Archive for May 19th, 2011

New York state monument

This monument to the soldiers of New York state at the Battle of Gettysburg stands inside the National Cemetery, making it an interesting combination of cenotaph (as not everyone being honored is buried nearby) and mass funerary monument (since some of those men most undoubtedly were killed at Gettysburg and lie within site of the monument). The symbol at the very top is also a melding of multiple meanings.

New York state monument (2)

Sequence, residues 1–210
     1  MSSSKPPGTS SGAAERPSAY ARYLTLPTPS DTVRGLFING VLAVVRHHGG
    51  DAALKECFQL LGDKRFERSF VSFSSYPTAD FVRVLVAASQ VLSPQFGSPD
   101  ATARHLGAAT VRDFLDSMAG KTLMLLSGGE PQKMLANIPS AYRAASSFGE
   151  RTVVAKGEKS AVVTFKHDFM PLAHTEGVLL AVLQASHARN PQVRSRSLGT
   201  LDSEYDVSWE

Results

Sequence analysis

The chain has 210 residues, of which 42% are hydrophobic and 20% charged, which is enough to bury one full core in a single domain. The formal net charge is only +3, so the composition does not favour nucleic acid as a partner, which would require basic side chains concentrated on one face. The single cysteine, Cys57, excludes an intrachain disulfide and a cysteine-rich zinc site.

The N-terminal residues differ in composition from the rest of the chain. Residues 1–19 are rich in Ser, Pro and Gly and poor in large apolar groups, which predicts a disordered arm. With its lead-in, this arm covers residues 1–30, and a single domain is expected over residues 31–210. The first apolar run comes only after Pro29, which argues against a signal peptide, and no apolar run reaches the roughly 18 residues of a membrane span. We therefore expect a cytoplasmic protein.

Towering high above the slight hills of the cemetery and nearly alone on this section of landscape (save the Solder’s National Monument), a woman clothed in classical garb holds out a laurel wreath as if to crown the brow of an invisible New York soldier before her. Laurel wreaths outside of the cemetery have long been a sign of victory, and so seem a fitting tribute to those New York soldiers who helped bring this important victory to the Union. In the cemetery, laurel wreaths signify not victory at war or competition, but of the soul over death, as well as immortality. This monument braids together multiple meanings by its placement inside another place of dual purposes: a cemetery that was once a battlefield.

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